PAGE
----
Personal finance storm clouds loom on horizon

Looking through the 2010 soccer euphoria gripping South Africa, financial trouble is looming on the horizon for many households.

If you are buying a home now, consider opting for a smaller or cheaper property and keep some slack in your monthly budget to cope with home loan and household costs - which are set to rise, some maybe even dramatically. If you're staying put, revise your spending habits and start thinking of ways to prune your bills. You'll be paying a lot more for the basics in future, is the forecast from some economic experts.

FNB's top-notch property economist John Loos politely terms these financial storm clouds gathering on the horizon as the "new housing affordability challenge".

The announcement of a 25% electricity hike for next year, and more, steep price increases to follow, is a blow to consumers because it will push up the costs of all the goods and services you buy much more than you might have expected.

Eskom's electricity bill shocker is not the only problem. In a report, Loos says Eskom has been a "key driver" of housing-related inflation which, at 7% is above the upper CPI (Consumer Price Inflation) target limit of 6%. Far behind, "but still troublesomely high, is the sub-index for ‘water and other' services, which also includes municipal assessment rates, showing year-on-year inflation of 9.4%".

Helping many consumers, meanwhile, have been residential property investors who have kept a lid on rent increases. Says Loos: "Keeping the overall housing and utilities index from skyrocketing out of control was a very weak rental market, as tenants feel the stress from the recent recession as much as home-owners." The rental sub-index, as a result, "inflated by a mere 4.9%." (For more on this, click here to read Punished!SA property investors)

The good times are unlikely to continue for tenants. Rent is expected to increase by more in future, is the message from Loos.

All these rising costs mean that inflation will become harder to keep within the SA Reserve Bank's 3-6% target - and that in turn suggests new SA Reserve Bank governor Gill Marcus will find it increasingly difficult not to increase the repo rate, which leads commercial bank interest rate increases. In other words: interest rates are likely to rise in the not-too-distant future.

Also not helpful to the bank balances of the astonishingly low number of taxpayers who contribute the most to government coffers was new finance minister Pravin Gordhan's stingy budget, which he presented to Parliament last month. Tweaks to the personal income tax tables are unlikely to compensate for the ravaging effect of inflation on purchasing power, and the few remaining tax perks - like car and insurance allowances - were reined in even further. Salaried taxpayers are getting less and less for their tax money, which means they must pay so more of their disposable income for expenses like private healthcare, security and decent education for their children.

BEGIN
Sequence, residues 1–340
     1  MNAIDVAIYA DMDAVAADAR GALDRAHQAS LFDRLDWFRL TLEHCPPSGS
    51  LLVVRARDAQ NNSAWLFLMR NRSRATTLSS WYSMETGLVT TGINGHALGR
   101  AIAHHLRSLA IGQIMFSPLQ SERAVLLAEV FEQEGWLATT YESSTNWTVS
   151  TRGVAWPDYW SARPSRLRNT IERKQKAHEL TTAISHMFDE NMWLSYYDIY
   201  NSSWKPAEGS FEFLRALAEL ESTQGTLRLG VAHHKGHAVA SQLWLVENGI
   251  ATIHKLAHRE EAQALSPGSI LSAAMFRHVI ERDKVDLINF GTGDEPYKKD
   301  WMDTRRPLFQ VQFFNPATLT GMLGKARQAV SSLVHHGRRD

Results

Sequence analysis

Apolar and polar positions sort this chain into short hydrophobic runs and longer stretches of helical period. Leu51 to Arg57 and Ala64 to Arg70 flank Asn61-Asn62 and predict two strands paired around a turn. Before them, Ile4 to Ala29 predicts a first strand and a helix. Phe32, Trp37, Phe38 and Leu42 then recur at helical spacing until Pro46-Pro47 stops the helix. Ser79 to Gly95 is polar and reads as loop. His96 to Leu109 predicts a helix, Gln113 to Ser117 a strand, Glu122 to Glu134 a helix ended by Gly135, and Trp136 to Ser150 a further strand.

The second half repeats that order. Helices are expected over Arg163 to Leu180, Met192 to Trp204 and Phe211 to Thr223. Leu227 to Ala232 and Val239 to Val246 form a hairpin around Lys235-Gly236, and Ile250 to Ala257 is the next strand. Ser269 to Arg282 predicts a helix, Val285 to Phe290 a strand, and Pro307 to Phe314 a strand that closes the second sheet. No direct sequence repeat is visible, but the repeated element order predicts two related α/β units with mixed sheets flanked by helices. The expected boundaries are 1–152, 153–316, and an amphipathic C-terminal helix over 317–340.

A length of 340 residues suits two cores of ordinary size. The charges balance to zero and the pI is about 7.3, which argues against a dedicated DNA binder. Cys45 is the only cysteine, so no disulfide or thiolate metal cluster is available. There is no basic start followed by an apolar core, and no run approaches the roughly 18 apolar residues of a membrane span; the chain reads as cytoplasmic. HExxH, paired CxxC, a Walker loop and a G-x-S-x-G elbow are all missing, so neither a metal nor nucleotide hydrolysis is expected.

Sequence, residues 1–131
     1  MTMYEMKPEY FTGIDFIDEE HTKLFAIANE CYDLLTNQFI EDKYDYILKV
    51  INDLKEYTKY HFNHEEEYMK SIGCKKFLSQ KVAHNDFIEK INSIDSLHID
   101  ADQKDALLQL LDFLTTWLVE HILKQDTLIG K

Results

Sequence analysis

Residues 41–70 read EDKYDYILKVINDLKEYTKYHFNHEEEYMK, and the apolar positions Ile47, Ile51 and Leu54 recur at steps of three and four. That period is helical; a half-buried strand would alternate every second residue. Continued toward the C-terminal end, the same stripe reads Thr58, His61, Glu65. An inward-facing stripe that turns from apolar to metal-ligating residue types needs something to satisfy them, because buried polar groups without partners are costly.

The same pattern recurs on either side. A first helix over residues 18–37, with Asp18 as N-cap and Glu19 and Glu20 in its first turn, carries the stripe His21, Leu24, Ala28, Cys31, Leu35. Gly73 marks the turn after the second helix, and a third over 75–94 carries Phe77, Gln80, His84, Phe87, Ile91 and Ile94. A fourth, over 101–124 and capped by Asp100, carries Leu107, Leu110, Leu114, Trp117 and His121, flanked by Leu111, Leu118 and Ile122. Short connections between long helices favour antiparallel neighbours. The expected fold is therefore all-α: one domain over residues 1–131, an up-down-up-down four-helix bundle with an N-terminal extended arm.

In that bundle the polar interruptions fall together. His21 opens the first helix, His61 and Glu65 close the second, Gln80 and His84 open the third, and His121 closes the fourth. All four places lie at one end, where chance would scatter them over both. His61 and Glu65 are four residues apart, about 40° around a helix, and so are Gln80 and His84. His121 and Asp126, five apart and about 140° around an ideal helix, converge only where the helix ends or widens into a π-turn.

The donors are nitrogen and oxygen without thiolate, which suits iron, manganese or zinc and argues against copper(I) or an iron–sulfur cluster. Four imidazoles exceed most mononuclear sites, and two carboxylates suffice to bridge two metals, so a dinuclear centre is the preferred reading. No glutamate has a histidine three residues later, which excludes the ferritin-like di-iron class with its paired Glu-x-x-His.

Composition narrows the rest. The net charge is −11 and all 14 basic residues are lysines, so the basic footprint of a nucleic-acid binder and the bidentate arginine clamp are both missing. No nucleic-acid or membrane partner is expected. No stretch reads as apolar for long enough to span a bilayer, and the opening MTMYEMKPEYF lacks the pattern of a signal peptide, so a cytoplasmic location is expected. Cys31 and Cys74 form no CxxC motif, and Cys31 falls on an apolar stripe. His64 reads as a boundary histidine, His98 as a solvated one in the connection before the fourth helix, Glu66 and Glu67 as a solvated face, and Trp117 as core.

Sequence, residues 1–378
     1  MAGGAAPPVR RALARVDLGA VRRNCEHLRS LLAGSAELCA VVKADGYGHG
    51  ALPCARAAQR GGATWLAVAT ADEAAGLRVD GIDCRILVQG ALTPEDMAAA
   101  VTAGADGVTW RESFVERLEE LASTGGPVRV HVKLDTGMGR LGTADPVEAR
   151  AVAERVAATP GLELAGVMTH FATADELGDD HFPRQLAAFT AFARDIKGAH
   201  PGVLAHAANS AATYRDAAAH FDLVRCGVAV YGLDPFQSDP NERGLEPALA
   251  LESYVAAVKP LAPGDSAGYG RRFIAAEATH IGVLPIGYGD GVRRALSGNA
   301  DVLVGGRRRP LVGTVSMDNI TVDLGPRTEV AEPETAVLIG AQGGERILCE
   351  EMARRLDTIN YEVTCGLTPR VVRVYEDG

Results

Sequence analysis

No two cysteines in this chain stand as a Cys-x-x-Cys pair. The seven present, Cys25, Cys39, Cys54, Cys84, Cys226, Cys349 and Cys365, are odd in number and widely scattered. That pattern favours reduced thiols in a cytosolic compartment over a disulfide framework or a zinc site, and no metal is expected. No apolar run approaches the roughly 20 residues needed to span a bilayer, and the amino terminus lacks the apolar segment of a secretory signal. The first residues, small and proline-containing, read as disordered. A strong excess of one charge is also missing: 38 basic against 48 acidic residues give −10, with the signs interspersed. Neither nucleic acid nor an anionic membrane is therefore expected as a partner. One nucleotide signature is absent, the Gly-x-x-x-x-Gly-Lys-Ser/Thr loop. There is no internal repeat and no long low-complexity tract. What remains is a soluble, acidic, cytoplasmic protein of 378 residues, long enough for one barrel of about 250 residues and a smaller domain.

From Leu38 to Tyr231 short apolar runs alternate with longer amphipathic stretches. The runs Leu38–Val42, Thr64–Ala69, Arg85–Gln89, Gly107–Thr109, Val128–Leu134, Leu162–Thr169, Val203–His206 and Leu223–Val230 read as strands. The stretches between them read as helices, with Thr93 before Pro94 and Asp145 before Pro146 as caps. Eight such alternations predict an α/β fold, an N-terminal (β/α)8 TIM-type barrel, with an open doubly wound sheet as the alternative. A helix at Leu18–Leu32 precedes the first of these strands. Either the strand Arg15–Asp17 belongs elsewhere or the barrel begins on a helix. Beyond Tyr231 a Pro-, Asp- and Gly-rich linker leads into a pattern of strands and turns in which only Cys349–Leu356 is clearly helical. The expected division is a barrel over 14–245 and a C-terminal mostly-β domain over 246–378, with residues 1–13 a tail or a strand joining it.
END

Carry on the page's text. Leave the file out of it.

If you are tired of your landlord or would rather pay off your own property asset than someone else's, now may be a good time to buy a home because you are likely to find it easier to get money from a bank now. Interest rates are unlikely to fall much, if at all from here, and when interest rates go up, banks put less money into mortgages. Of course, the flipside is your home will cost more before rents catch up with what you are likely to repay on your loan each month. In time, though, you will find that you are paying less for your property debt than you would have been paying as a tenant.

Loos encourages home buyers to ask the question: "'What if interest rates were to rise by the usual 4-5 percentage points? Could I still afford the bond repayment?' If the answer is "no", says Loos, perhaps look to buy a cheaper home. (Click here to calculate your repayments).

He cautions, too, that your interest bill is just one of many costs to take into consideration. Whether you are considering buying a property or aiming to generally improve your financial wellbeing, don't ignore all the other costs that go into running a home. Says Loos: "The affordability issue now clearly extends far beyond merely the cost of servicing a bond, to the issue of these sharply escalating costs related to housing. Assessment rates and utilities tariffs to homes are largely unavoidable, and with all these entities being monopolies, and their charges being compulsory, the consumer has limited alternative. Besides electricity and water saving measures, the only alternative is to buy a smaller home (to reduce operating costs) or cheaper house (to reduce assessment rates).

"Prospective home buyers would do well to do the scenario planning in the area of rates and tariffs too, therefore, planning their purchase on the assumption that the current rates and tariffs paid on the targeted property will probably rise dramatically in the next few years," he urges.

Budgeting tips

  • Itemise all your monthly essential bills, items you "need", that are fixed costs - like rent, transport to work, school fees, childcare fees.
  • Itemise all your essential bills that fluctuate, like food and electricity.
  • List all the bills you pay that you regard as important, but not essential, like extra activities and cellphone airtime for your children.
  • Compare your income to your expenditure. The difference is the amount by which you must reduce your spending.
  • Cut or drastically reduce the non-essentials first.
  • Decide on budgets for essentials, like food, and do not spend more than you can afford in the supermarket.
  • Pay off your credit card debt; avoid your budget facility.
  • Don't be a snob. Many people can't manage within their means because they like to show off to their neighbours.
  • If you still can't match what you earn with what you owe, seriously consider moving to a smaller, cheaper home.

Article by: Jackie Cameron -